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Top 3 Budget Audio Interfaces for Metal Guitar in 2022

Updated: Jan 9, 2022

Recording at home does not have to put a huge hole in your wallet. Audio interfaces are one of the most accessible pieces of gear money can buy, and it's one of the most essential pieces of gear for recording quality tracks at home. It's important to have something that will capture your guitar playing with unmatched clarity.

Here I'll share the five best budget audio interfaces for recording metal guitar at home. These interfaces come with essential features, and are bundled with software to get you started on your recording journey ASAP.

Although these are cheap interfaces, you'll be happy to know that these produce extremely high recording quality.

1. PreSonus Studio 24c | $160

The first interface on our list is the Studio 24c from PreSonus, coming in at a whopping $160. This interface comes PACKED with essential features for recording and monitoring yourself.

One awesome feature is the blend knob. You can monitor and blend the signal going directly into the interface, and with the signal coming out of your DAW. This way you can choose or blend which sounds you want to monitor with, and will make your life MUCH easier when hearing yourself in real time.

Another cool feature is the MIDI input and output in the back of the unit. This is perfect for use with keyboards, synths, or just about any MIDI instrument that you have laying around. This is also the only interface on this list with MIDI inputs and outputs, which makes this even more of a bargain for it's low price!

Best of all, it comes with Studio One Artist, which is a trial version of Studio One. So with this, you can potentially cross the DAW off your wish list! That's a pretty insane value for $160 if you ask me.

2. Focusrite Scarlett 2i2 | $169

The Scarlett line from Focusrite is one of the most well known interfaces, and for good reason. It's industry-standard recording quality, durable design and reliability make it one of the best interfaces for home recording and professional use. The 2i2 comes in at about $169, and although its not the cheapest in the Scarlett line (that title belongs to the Scarlett Solo), it definitely has the most insane value at its price point.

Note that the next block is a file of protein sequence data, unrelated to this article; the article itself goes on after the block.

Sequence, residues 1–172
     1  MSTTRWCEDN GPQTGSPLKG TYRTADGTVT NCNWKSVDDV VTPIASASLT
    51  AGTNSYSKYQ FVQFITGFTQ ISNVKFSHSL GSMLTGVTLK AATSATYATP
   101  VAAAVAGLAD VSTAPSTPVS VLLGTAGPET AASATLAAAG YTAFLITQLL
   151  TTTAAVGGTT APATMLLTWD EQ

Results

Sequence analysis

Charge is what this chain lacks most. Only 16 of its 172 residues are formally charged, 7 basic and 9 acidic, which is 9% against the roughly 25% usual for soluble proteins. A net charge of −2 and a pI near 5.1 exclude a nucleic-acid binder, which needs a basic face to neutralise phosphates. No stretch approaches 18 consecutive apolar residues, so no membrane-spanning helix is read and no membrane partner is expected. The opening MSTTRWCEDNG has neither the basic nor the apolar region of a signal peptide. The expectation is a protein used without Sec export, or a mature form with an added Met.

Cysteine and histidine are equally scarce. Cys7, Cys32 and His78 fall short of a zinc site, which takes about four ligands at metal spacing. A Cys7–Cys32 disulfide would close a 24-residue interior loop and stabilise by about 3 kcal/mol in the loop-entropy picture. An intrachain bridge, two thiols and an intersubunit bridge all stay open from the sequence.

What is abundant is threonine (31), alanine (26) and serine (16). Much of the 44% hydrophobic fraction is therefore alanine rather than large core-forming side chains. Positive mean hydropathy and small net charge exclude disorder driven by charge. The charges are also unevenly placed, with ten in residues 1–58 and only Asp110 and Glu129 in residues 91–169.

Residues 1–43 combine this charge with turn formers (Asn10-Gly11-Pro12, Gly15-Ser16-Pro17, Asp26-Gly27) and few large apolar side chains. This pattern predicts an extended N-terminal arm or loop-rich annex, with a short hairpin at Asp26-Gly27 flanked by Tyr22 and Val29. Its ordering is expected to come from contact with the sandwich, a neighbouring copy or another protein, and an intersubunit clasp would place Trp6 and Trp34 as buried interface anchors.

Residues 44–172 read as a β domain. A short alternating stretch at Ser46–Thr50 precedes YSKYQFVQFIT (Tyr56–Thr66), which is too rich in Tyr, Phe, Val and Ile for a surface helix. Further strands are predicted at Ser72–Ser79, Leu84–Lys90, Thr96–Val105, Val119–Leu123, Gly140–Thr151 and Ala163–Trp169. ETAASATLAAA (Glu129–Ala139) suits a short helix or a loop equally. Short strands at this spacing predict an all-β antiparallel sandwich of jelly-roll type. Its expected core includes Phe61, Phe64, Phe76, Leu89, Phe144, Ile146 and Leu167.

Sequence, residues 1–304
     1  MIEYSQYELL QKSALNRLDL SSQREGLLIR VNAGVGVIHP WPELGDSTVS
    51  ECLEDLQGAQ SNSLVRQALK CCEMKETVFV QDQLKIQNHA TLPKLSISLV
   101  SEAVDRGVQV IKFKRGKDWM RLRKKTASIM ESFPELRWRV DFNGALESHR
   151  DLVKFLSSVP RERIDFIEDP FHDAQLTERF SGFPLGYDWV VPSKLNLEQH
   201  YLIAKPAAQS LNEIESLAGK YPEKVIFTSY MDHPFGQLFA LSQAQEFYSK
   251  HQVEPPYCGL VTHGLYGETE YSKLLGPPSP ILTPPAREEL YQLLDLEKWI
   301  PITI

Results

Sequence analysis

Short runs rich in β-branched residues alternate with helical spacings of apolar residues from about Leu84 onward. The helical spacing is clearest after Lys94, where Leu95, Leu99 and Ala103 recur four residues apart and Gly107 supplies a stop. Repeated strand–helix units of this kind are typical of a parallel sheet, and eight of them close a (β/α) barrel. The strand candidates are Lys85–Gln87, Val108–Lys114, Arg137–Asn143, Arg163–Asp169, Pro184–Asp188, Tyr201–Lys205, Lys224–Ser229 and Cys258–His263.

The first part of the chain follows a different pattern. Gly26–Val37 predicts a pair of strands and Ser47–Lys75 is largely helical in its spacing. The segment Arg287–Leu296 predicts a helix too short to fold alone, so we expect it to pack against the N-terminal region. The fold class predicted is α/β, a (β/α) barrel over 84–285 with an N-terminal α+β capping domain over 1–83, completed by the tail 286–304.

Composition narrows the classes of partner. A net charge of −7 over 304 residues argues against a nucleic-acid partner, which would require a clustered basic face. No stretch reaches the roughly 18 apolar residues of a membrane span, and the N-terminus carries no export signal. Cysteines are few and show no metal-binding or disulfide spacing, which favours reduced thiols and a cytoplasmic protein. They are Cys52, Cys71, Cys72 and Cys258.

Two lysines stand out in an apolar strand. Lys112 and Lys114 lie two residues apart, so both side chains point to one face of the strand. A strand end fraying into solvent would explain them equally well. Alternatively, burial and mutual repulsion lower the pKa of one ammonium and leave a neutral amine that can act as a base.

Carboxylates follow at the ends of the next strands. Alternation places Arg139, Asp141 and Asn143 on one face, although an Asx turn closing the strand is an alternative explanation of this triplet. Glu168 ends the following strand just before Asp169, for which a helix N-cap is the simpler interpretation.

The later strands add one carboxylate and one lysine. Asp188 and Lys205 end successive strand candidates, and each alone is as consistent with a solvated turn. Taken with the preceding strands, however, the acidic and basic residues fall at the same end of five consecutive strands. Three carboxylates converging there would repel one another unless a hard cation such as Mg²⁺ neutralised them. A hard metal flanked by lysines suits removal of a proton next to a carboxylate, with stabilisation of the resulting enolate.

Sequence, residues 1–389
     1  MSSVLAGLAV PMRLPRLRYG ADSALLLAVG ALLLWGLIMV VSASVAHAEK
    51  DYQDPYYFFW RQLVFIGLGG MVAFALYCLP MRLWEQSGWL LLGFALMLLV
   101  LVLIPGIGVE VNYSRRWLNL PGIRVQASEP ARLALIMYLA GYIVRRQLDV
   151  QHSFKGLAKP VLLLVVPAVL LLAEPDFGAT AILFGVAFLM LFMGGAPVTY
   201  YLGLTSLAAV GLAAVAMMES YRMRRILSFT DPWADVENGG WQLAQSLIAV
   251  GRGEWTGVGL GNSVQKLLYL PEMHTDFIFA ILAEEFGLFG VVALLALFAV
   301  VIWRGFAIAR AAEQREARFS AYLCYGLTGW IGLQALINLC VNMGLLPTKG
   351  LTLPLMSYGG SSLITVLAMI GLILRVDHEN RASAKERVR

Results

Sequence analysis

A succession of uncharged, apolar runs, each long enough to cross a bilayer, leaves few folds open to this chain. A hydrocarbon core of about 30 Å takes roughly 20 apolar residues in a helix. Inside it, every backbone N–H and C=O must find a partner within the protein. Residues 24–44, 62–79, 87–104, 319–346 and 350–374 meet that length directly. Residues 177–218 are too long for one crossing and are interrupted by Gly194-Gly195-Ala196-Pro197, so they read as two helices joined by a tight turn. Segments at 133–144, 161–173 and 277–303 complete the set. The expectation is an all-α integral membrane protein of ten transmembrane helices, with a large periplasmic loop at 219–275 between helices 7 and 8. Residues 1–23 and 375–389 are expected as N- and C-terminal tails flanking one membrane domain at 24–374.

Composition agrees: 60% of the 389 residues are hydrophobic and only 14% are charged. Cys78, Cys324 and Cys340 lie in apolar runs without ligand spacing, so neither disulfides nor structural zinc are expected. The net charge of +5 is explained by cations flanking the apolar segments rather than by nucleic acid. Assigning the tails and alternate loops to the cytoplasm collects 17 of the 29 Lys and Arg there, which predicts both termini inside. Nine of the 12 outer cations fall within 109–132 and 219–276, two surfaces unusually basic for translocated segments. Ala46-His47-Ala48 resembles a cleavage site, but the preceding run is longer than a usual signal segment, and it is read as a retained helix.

Just like the 24c, it has two inputs, a headphone output, and stereo monitor outputs. However, it lacks the MIDI capabilities that the 24c has.

The input gain control knobs have a very unique feature. The knobs have a color wheel around them, and their color changes depending on the level of your input. If your levels are low or safe, the light is green. However, if your signal is too hot, the ring will light orange and red. This is a really intuitive way to track your input, and takes a lot of guesswork out of gain staging your inputs.

The Direct Monitoring feature is a huge advantage for those looking to record tight takes. It monitors anything going into your input(s), like your mic'd up amps or modelers, with absolutely zero latency. However, it doesn’t have the option to blend your monitoring with your DAW like the Presonus.

This interface also includes an “air” option. Enabling this will give a little bit more high end and character to whatever you’re putting in. It can definitely add a very cool characteristic to most guitar DIs, and even vocals.

Best of all, this interface comes with Pro Tools First, which is a beginner version of Pro Tools, the standard DAW used in the music industry. So you can cross your DAW off your list!

Taking these features into consideration, the Focusrite's Scarlett 2i2 is an absolute steal at it's $169 price point.

3. Universal Audio Volt 1 | $139

Universal Audio seriously shocked me when they announced such a cheap piece of gear. Universal Audio makes top-tier audio gear, and the Volt 1 comes packed with all the features from both interfaces above, plus a few awesome goodies.

This interface is a 1 input, two output interface with a stereo headphone output. It also has a direct/host monitor switch, and phantom power for microphones. Very similar to the last two interfaces.

However, the best coolest feature on this interface has to be the "Vintage" switch. When toggled on, your input is colored by an emulation of a popular Universal Audio preamp, the UA Audio 610. Mind you, the real preamp costs a whopping $1200. Having this in such a small, cheap package is absolutely mind blowing. This will open up so many tonal opportunities with your guitar, or even vocals!

Volt also comes with a ton of amazing software. It's bundled with software like Melodyne (an industry standard vocal/instrument tuning software), Abelton, Virtual Drummer, and so much more. For only $139, this is absolutely insane value. If you are looking to get recording on a budget, this is definitely the way to go.


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